In other words it would be a free standing house.

Before I could start I had to remove
the rest of the tree and the trampoline.
 I didn’t have a creek running through my backyard or have a large fall on my property to cut into I did however have a spot under a nice tree that when levelled looked like the tree was  growing out of the top of the house. But before I started that there was fun to be hd with the design of the outside. Having been made redundant from my job only weeks before I was given the frame I was not in the position to throw lots of money at the project so I needed to budget and not get too carried away with plans in case I couldn’t buy food or the wife killed me. Whichever came first. Luckily I have a garage full of bits and pieces and the initial layout for materials was minimal.
It also meant a lot of pick and shovel swinging to prepare the site where the house would eventually sit.

 I spent the rest of the summer planning, building, rejecting, planning and building again until I felt I had the right feel. Jumping from inside the shed to work on the frame and outside to level and prepare the area where it would sit. This was usually interrupted by a day trip with the missus where no matter where we went I found some other little inspiring titbit to enhance the house whether it be a certain colour, texture or garden ornament. It was on one of these outing that I found brass candelabra that with a bit of modifications became the chandelier.


The Fire Place with LEDs.

Working Lights
When I was happy with the inside arrangements I made another trip to visit Jamin to show him what I had done and how it was going to look.
It was on this trip that he reminded me of an idea he had for the end of the hallway where he had a door partially open and back lit to give the impression that there was more happening further back in the house. I had totally forgotten this and had already spent a considerable amount of time and effort making a neat little door but fixed in position. But the idea was too good to ignore and I redesigned again. The door aside Jamin was quite pleased with the progress and was impressed by the little fake flame burning away in the fireplace with the use of LED lighting. Come the start of autumn it was time to test the structure and I placed it outside to test its weatherproofing and durability.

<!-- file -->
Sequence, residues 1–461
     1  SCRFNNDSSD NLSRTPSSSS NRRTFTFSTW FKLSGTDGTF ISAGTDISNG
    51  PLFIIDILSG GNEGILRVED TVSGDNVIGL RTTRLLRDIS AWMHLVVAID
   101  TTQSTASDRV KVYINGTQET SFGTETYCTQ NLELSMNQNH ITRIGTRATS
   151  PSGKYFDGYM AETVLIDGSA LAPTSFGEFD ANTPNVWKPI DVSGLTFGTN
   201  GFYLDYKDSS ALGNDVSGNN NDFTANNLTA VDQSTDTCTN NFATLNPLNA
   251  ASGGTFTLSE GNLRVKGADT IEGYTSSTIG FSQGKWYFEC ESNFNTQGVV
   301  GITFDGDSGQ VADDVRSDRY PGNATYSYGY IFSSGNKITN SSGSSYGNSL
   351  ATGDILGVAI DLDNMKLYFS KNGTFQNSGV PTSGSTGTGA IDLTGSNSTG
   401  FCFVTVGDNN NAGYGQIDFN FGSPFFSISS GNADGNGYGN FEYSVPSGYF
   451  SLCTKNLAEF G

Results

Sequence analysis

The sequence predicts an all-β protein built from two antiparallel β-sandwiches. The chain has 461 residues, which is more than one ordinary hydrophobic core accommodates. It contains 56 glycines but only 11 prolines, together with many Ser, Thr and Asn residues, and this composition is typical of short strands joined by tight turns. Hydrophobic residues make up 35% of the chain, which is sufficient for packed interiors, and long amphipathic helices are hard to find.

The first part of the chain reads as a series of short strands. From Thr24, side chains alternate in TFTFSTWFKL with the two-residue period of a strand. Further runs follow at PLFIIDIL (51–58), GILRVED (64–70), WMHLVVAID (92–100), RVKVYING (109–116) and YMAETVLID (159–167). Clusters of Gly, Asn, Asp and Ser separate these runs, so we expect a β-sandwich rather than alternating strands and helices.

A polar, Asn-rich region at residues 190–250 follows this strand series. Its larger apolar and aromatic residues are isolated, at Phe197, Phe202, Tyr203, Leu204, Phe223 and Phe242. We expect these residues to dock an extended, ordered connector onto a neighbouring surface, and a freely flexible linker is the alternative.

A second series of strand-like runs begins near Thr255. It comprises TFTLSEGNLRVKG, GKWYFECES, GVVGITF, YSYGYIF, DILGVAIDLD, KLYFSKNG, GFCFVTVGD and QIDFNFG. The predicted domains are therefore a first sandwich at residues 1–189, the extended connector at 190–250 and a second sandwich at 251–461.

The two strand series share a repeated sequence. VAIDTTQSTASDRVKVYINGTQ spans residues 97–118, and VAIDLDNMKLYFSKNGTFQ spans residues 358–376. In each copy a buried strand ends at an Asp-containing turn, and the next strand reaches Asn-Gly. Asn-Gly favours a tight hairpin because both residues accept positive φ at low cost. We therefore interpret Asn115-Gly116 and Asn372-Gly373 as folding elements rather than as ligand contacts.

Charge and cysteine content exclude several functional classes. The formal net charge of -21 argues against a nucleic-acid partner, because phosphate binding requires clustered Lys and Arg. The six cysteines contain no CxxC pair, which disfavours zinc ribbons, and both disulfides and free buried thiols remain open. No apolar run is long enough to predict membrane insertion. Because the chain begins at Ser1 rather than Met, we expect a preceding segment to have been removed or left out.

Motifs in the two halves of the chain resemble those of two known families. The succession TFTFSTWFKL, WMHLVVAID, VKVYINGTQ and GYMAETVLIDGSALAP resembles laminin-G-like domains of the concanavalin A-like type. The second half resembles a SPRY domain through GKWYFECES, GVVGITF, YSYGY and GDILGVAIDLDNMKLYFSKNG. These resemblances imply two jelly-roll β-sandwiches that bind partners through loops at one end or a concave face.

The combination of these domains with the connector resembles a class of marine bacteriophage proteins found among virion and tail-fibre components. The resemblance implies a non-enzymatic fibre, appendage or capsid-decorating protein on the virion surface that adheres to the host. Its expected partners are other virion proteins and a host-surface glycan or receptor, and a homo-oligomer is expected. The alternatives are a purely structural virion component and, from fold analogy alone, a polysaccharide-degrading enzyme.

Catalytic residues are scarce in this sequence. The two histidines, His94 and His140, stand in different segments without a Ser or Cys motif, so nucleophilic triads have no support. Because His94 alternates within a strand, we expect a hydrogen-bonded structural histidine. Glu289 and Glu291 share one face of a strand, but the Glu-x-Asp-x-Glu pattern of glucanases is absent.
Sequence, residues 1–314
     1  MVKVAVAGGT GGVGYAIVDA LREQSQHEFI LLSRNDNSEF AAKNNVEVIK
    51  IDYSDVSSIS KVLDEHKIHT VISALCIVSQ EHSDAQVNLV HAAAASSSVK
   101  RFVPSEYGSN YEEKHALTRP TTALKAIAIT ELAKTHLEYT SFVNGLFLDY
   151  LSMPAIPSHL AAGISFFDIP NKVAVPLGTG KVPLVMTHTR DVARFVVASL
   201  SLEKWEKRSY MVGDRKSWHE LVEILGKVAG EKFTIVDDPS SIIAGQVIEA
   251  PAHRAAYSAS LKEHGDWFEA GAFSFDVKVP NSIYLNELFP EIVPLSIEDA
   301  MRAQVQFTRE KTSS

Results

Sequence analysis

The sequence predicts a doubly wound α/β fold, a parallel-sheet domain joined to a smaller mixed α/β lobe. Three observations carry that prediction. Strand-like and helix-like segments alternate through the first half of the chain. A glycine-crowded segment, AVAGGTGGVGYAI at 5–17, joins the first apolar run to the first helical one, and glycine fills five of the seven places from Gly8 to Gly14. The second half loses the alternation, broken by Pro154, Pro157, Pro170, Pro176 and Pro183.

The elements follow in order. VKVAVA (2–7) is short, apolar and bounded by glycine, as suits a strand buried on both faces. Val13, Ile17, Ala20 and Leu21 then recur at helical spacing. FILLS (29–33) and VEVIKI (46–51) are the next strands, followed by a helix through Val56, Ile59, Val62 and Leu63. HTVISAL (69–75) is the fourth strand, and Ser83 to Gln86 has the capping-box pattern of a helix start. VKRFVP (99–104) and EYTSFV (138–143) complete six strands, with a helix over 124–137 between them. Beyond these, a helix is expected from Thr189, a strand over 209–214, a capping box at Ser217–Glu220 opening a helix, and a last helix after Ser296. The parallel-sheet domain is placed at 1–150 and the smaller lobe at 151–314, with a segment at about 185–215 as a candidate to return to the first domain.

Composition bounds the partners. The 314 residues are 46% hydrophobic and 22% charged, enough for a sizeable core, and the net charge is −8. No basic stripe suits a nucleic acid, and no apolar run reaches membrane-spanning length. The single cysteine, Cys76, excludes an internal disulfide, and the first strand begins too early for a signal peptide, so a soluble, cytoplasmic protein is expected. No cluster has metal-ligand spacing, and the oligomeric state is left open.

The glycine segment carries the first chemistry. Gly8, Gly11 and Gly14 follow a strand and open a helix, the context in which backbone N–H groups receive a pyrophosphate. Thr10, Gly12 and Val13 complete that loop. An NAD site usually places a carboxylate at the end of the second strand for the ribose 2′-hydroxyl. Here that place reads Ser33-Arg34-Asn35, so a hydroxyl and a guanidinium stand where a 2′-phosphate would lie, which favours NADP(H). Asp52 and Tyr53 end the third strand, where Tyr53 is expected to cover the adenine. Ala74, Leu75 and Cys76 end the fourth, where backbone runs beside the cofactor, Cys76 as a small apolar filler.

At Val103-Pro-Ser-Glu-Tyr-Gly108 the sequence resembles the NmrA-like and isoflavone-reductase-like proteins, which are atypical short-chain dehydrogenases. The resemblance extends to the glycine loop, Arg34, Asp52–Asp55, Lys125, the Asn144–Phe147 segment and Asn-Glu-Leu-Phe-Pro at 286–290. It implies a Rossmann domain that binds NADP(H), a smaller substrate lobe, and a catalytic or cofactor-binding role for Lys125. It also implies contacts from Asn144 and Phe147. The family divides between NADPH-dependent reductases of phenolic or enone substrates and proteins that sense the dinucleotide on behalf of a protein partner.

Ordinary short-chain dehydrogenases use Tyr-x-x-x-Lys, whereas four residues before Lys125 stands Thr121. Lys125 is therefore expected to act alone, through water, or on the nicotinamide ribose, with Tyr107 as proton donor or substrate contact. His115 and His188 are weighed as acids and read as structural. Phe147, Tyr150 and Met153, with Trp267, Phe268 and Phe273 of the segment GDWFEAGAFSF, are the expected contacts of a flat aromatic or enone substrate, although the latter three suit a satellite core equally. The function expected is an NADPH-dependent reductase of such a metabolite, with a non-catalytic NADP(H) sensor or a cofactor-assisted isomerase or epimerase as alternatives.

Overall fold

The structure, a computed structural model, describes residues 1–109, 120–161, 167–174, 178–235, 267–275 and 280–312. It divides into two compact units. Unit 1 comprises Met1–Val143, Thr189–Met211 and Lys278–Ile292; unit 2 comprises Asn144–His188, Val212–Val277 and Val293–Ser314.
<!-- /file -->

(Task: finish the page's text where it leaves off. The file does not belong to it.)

Getting ready for winter.
Kris doing the electrics
Nice and dry

By August I was content it was sturdy enough after some winter storms that where so strong one took out my shed when a large tree fell through it and the shopping centre down the road flooded. The Hobbit house neither fell apart nor leaked (unlike the shed) so it was time for the final stage the electrics, window dressing and garden.

Kris , who you may remember helped me moved the frame back home also designed the lighting. Being a 4th year apprentice electrician and working in 3 watt LEDs using a 24 Volt transformer I was confident that the house was safe and not liable to catch fire or blow out any fuses. Actually Kris’ design and installation brought the project a whole new life by using the mirror to highlight low areas and the false perspective of the door look quite realistic. The winters rain and spring sunshine had given the path and surrounding grass a chance to settle in and with the fitting of the synthetic grass, chimney and fence the house was taking shape. Ideally it would have been nice to have a larger front garden but I was restricted by the gate way that links next door house and I wasn’t quite prepared to block that off as we have a great relationship with our neighbour.

When the local newspaper rang and asked if they could send ‘round a photographer, the wife and I went into overdrive to pretty up the garden and add some wildlife to the lawn roof.

It made us work quickly and use our gut feeling about what looked best. All up I’m quite satisfied with the result.